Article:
Today was the day to make another IPA. Not just any IPA, a bloody big IPA! An Imperial IPA!
It was a bit of a tricky day at times, but mostly it was very successful. Every problem is not really a problem. It's an obstacle to overcome. So, because of the day we had, we thought we might call this beer "The Hopstacle Course". Or "The Hopstical Course" because the word looks like Hospital and there was a very good chance that one of us could have ended up there today. Maybe "The Hopsticle Course".
So, the first step always is to work out who makes the trek over to Grain and Grape in Yarraville on the Saturday morning. I think it took the three of us all week to negotiate that, but Chris offered to do it because he is the best bloody bloke in the world and has magnificent hair.
Getting there, it was soon discovered that we had placed the order incorrectly. A decimal point is very important, but thankfully, the blokes at Grain and Grape were happy to correct our mistake and mill the right amount of grain for us.
Here's what we ordered:
- 24.35 KG of Pale Malt
- 2.05 KG of Chocolate Wheat Malt
That's a heap of grain. The more malt we have, the more sugar will be produced, there more alcohol we will have. That's probably wrong, but hey, we ain't no scientists. We just want a big beer. This one should be 7.7% alcohol content. Fun times ahead.
Our other mission was to increase the hoppiness of our beer. As much as we enjoyed IPA A and IPA B, we found that there wasn't a lot of hop to it. This time, we went bananas with our hop purchases.
Here are the hops we ordered:
- 80g of Warrior
- 80g of Chinook
- 120g of Simcoe
- 160g of Columbus
- 120g of Centennial
A lot of that was used during the boil, but we've held some back to try some dry-hopping for the first time.
So, the other problems we hit today were:
- We couldn't find the silicone tube to move the boiling wort to the cubes. Michael had to drive back to Grain and Grape to buy another one. Poor bloke was gone for almost an hour and a half.
- As we started to tip the grain in, it became apparent we had almost bought too much. It just fit into the pot, but only just.
- Then, we had to try to lift the mash out. Check out how we eventually solved that problem.
- Some of the 70/- bottles had exploded in the priming fridge. This makes us sad.
But mainly we had a successful day, and finished with a couple of tasty pints at The Raccoon Club.
|Arriving at Grain and Grape at 9am. Time to buy a sausage and try two beers they had on sampling.|
|A whole lotta hops on the counter there. I'm waiting for them to mill our grain.|
|Three bags of grain are pretty heavy, so I need a shopping trolley.|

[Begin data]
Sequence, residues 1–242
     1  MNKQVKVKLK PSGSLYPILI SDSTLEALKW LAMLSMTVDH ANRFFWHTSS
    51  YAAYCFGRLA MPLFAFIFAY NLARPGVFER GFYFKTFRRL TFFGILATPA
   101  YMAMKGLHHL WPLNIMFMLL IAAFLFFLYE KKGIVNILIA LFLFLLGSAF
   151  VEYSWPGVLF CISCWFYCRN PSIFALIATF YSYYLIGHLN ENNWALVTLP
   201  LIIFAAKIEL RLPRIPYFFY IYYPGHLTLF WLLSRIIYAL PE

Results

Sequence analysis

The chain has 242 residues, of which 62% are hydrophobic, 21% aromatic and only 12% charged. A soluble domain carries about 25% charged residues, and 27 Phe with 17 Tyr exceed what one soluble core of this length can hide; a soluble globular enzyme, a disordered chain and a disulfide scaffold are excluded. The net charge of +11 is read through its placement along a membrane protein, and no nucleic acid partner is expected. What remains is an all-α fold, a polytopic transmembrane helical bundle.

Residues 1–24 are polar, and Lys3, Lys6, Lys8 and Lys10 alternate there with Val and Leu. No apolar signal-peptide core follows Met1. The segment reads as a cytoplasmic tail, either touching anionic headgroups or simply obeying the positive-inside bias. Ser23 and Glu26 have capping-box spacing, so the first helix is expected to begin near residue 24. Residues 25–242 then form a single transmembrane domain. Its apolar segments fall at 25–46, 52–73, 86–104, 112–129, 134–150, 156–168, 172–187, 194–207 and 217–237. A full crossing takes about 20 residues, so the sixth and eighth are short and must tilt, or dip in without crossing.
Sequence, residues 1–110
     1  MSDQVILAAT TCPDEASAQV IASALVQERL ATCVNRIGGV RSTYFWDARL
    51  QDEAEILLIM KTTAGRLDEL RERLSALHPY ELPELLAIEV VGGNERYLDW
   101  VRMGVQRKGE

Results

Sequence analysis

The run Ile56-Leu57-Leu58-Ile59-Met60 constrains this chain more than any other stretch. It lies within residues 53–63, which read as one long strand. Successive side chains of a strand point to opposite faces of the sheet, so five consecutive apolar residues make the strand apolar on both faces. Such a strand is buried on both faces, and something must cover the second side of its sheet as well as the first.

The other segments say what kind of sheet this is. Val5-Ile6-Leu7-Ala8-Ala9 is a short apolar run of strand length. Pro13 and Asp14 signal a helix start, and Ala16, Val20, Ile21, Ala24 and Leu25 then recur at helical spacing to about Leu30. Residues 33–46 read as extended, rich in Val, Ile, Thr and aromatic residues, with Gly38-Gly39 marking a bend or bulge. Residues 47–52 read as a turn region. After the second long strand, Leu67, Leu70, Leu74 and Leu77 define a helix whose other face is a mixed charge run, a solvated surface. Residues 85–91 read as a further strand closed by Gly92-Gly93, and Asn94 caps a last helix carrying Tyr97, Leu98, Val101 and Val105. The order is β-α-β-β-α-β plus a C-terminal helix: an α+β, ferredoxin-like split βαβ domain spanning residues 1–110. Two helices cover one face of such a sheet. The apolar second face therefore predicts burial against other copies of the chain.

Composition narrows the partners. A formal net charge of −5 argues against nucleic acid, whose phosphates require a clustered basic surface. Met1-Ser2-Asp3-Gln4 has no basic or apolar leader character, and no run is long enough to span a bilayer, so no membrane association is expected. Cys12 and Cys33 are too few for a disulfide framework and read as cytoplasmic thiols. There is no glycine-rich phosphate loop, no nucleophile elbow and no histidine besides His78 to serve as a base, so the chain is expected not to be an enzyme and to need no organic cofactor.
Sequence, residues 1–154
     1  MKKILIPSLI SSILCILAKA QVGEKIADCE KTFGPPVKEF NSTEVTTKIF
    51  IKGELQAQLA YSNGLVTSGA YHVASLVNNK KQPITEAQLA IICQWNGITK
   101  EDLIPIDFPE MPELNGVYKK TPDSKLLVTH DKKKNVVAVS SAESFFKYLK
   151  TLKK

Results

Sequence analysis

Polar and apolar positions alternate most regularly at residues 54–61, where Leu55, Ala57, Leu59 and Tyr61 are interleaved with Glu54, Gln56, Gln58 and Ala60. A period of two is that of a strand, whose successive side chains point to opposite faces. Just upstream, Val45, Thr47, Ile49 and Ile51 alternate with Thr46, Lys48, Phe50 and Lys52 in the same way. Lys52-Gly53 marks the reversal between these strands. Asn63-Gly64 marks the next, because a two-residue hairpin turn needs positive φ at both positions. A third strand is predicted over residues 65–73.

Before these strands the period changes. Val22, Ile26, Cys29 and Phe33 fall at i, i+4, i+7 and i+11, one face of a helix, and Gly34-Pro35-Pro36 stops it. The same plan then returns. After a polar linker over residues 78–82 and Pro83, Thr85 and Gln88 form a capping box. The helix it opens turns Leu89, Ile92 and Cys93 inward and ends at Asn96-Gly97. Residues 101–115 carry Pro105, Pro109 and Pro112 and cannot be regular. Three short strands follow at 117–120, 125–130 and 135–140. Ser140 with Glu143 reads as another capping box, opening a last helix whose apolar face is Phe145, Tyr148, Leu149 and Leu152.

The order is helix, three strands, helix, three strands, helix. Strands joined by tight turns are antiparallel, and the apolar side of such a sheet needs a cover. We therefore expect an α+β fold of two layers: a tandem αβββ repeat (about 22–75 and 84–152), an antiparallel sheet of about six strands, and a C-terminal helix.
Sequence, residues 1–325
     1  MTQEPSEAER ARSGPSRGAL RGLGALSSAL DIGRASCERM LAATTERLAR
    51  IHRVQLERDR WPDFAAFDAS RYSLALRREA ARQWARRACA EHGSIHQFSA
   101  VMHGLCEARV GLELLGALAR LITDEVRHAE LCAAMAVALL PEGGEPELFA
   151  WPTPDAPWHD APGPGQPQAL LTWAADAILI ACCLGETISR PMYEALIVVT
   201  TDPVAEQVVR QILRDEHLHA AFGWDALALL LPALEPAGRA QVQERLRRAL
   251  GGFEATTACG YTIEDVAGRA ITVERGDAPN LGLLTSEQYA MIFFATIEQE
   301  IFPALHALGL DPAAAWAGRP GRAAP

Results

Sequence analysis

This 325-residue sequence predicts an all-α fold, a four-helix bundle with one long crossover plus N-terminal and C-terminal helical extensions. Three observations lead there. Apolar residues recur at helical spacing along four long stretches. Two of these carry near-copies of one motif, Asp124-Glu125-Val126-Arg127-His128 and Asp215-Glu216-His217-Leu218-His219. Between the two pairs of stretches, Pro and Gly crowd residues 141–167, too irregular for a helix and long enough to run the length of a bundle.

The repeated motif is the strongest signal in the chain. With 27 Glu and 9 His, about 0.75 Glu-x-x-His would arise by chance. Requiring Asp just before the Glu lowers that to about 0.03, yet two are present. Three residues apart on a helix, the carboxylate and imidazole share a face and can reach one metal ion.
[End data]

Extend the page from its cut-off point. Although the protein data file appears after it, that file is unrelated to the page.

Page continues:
|Always good to have a few beers to drink for the drive back to Reservoir .|
|Disaster!! Two bottles of the 70/- have exploded. Why?|
|Maybe the bottles were old and weak. Actually, what is more likely is that our attempt at adding more sugar to get more carbonation has had dire results.|
|We cleaned it up. The lids are still on the broken bottle necks|
|We got the water to about 77 degrees. We need to keep it at 68 degrees during the mash.|
|Malt in. Look how full the pot is!|
|Lid on, and doona on. We dragged those two immersion heaters out once we got the temperature back to 68 degrees. The mash kept steady at 68 degrees for 90 minutes.|
|Lid off after 90 minutes|
|Ben is rigging up the new pulley system. Hope it works.|
|That bag looks pretty full. Will that tiny rope hold it?|
|I don't even know what this is?|
|We tied it off.|
|And started to lift but it was too heavy.|
|So we moved the car in ...|
|... to try to tie the rope to the car|
|Dukes of Hazard style.|
|Hold it steady.|
|But it still wouldn't work.|
|I can't see how this is going to work at all ...|
|... we hook up another line to the car ...|
|with a double line|
|and get in the car|
|and grab a beer|
|and back the car out slowly|
|Tie another line to keep it steady and safe and let it drip for a while.|
|Let's go and have some lunch.|
|Ben cooked us Black Angus Eye fillet. These steaks were huge.|
|So was this beer|
|Back in the shed to weigh out all the hops|
|And label them to make sure they all go in at the right times.|
|Oh and Lucy made us some brownies. We love Lucy!|
|We got the boil going.|
|and gave it a stir with Mulesy's paddle|
|Finally, we filled 3 cubes. Well, almost three.|
Hooray for beer! The next plan is to get the fermenter on and to think about dry-hopping this brew. We want hops and we want them to be big and bold and beautiful. We'll let you all know how we go with that. When it's ready, you all should totally come over for a beer.